“Now I am stretching like the longest telescope ever! Goodbye feet! he shouted, because when he looked down he saw that his feet were already so far away that he seemed to lose sight of them. Oh my poor feet! I wonder who will put your shoes and your socks on now!”
When we remember the story of Alice in Wonderland, surely we evoke those moments when Alicia changed size when she drank or ate some candy or drink she found, dwindling until she became very small or growing until she grew in size. These scenes may not have been unknown to the writer, since it seems that Lewis Carroll, creator of the popular novel Alice in Wonderland, suffered, among other things, from an epileptic condition that could make him prone to macropsy and micropsy, two conditions in which objects with a larger or smaller size than they actually possess are perceived. Today we talk about a phenomenon that reminds us a lot of those moments in the novel: The Alice's Syndrome in Wonderland
- 1 What is Alice's Syndrome in Wonderland?
- 2 Causes of Alice's Syndrome in Wonderland
- 3 Symptoms of Alice's Syndrome in Wonderland
- 4 Treatment of Alice's syndrome in Wonderland
What is Alice's Syndrome in Wonderland?
This syndrome is a rare condition in which there is a distorted perception of objects and oneself, in addition to disorientation. People can see what they have around, and even themselves, as larger or smaller than they actually have.
For example, a person suffering from this syndrome may see themselves as very small, suddenly, or see how the ceiling of the room is getting further and further away, while the hanging lamp is getting bigger.
This syndrome It usually affects children and is usually eliminated during the adolescent stage, although adults can also suffer from it.
To be able to consider that the person is affected by this syndrome, it should be ruled out that this strange perception is not a problem derived from an ocular disorder or some type of hallucination.
Causes of Alice's Syndrome in Wonderland
The causes of Alice's syndrome in Wonderland are not entirely clear. Although ocular or hallucinatory problems are ruled out, it seems that the concrete answer should still be investigated further, although its link with migraines is accepted.
Many researchers relate the causes of this syndrome to an unusual electrical activity in the brain that results in abnormal blood flow, especially in the brain areas responsible for processing and sensory perception.
Suffering from migraines is one of the conditions that make us more likely to suffer from this disorder. Some researchers have come to claim that Alice's Syndrome in Wonderland is a type of aura of migraines, that is, a symptomatology that is based on an altered sensory perception that appears before severe headaches.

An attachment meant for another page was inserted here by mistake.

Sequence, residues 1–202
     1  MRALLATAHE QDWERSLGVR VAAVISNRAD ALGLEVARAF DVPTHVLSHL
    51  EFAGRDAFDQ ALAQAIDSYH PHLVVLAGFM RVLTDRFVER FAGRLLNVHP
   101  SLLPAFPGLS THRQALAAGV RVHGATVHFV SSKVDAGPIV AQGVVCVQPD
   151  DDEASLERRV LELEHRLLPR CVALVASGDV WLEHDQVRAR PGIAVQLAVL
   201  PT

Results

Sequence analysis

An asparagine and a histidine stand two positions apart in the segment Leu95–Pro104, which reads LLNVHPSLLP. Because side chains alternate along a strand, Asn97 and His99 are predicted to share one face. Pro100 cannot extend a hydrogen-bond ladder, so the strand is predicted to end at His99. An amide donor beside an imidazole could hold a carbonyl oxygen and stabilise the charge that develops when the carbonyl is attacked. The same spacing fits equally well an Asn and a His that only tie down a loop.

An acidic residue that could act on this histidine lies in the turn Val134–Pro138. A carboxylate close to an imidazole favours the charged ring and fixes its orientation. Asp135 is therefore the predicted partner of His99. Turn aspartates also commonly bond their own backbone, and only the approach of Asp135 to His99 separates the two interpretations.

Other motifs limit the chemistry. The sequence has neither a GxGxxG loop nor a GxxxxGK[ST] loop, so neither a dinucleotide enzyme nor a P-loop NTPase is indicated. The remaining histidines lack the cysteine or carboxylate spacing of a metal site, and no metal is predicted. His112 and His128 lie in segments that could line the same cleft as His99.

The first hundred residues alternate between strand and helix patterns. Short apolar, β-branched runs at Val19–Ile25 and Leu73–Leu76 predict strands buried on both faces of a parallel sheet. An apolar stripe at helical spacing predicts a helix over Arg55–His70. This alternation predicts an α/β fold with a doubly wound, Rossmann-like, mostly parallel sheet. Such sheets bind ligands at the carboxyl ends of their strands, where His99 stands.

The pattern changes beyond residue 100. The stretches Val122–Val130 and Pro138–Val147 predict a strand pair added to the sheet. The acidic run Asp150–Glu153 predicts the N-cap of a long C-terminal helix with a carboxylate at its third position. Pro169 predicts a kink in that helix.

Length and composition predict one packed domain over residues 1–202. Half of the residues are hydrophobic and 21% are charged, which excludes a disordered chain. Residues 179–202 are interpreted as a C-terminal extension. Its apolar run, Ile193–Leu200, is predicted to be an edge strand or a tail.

Other causes may be brain infections or some type of trauma. This condition may also occur when taking some medications. However, for many patients no specific cause was found.
Symptoms of Alice's Syndrome in Wonderland
This syndrome affects vision, touch and hearing, as well as jeopardizing the temporal sense of those affected. That is, time seems to pass slower or faster than normal.
The most common symptom in this syndrome is a altered body image. The body parts of the person are perceived as very large or very small. In addition to this distorted perception of body parts, when an episode of migraine occurs, people may have the following perceptions:
- Straight lines are perceived as wavy
- Human faces can be distorted
- Three-dimensional objects can be seen as planes
- Still objects seem to be in motion
- The colors look brighter
- Things can be seen as stretched
Treatment of Alice's syndrome in Wonderland
When there are suspicions of this syndrome, the neurology professional You can perform some tests to diagnose it. These tests can be blood test to know if there is a virus that may be causing the syndrome; It is also common for a functional magnetic resonance test to be able to observe the brain in detail or an electroencephalogram to measure its electrical activity.
Being a rare syndrome whose causes are not entirely clear, there is no fully proven effective treatment. Thus, this syndrome is usually treated with prophylactic treatments for migraines, specifically psychoactive drugs such as anticonvulsants, antidepressants or calcium channel blockers They control blood pressure. Diets are also recommended for migraines, which are usually very positive for affected people. However, there is still a lot of research to do to find a completely effective treatment for all those people who do not have migraines and who are affected by this syndrome.
Links of interest
Alice in Wonderland Syndrome and Visual Migraines. //www.webmd.com/migraines-headaches/alice-wonderland-syndrome#2
Anne Weissenstein, Elisabeth Luchter, and M.A. Stefan Bittmann (2014) Alice in Wonderland syndrome: A rare neurological manifestation with microscopy in a 6-year-old child //www.ncbi.nlm.nih.gov/pmc/articles/PMC4302569/
What Is Alice in Wonderland Syndrome? (AWS) Kimberly Holland //www.healthline.com/health/alice-in-wonderland-syndrome